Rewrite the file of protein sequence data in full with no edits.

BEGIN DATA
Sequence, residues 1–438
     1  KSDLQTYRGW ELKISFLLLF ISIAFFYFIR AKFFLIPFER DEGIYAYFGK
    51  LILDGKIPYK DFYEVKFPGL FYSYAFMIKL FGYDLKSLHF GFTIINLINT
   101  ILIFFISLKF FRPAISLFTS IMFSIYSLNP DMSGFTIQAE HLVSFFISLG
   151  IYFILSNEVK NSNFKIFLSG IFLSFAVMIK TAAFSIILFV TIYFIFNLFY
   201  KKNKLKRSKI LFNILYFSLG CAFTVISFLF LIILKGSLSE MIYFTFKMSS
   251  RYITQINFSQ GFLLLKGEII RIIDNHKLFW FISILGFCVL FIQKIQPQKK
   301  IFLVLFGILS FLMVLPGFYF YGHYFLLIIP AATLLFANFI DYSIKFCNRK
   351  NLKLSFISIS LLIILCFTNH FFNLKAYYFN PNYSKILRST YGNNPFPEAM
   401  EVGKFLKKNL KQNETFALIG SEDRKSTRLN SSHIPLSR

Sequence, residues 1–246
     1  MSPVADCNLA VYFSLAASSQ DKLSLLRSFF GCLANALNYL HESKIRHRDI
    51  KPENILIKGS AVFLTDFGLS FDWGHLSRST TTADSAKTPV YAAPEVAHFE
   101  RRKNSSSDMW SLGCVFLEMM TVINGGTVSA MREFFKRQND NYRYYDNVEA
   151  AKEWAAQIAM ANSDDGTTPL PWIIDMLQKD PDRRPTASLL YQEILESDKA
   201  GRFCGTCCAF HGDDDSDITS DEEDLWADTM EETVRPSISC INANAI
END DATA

Sequence, residues 1–438
     1  KSDLQTYRGW ELKISFLLLF ISIAFFYFIR AKFFLIPFER DEGIYAYFGK
    51  LILDGKIPYK DFYEVKFPGL FYSYAFMIKL FGYDLKSLHF GFTIINLINT
   101  ILIFFISLKF FRPAISLFTS IMFSIYSLNP DMSGFTIQAE HLVSFFISLG
   151  IYFILSNEVK NSNFKIFLSG IFLSFAVMIK TAAFSIILFV TIYFIFNLFY
   201  KKNKLKRSKI LFNILYFSLG CAFTVISFLF LIILKGSLSE MIYFTFKMSS
   251  RYITQINFSQ GFLLLKGEII RIIDNHKLFW FISILGFCVL FIQKIQPQKK
   301  IFLVLFGILS FLMVLPGFYF YGHYFLLIIP AATLLFANFI DYSIKFCNRK
   351  NLKLSFISIS LLIILCFTNH FFNLKAYYFN PNYSKILRST YGNNPFPEAM
   401  EVGKFLKKNL KQNETFALIG SEDRKSTRLN SSHIPLSR

Sequence, residues 1–246
     1  MSPVADCNLA VYFSLAASSQ DKLSLLRSFF GCLANALNYL HESKIRHRDI
    51  KPENILIKGS AVFLTDFGLS FDWGHLSRST TTADSAKTPV YAAPEVAHFE
   101  RRKNSSSDMW SLGCVFLEMM TVINGGTVSA MREFFKRQND NYRYYDNVEA
   151  AKEWAAQIAM ANSDDGTTPL PWIIDMLQKD PDRRPTASLL YQEILESDKA
   201  GRFCGTCCAF HGDDDSDITS DEEDLWADTM EETVRPSISC INANAI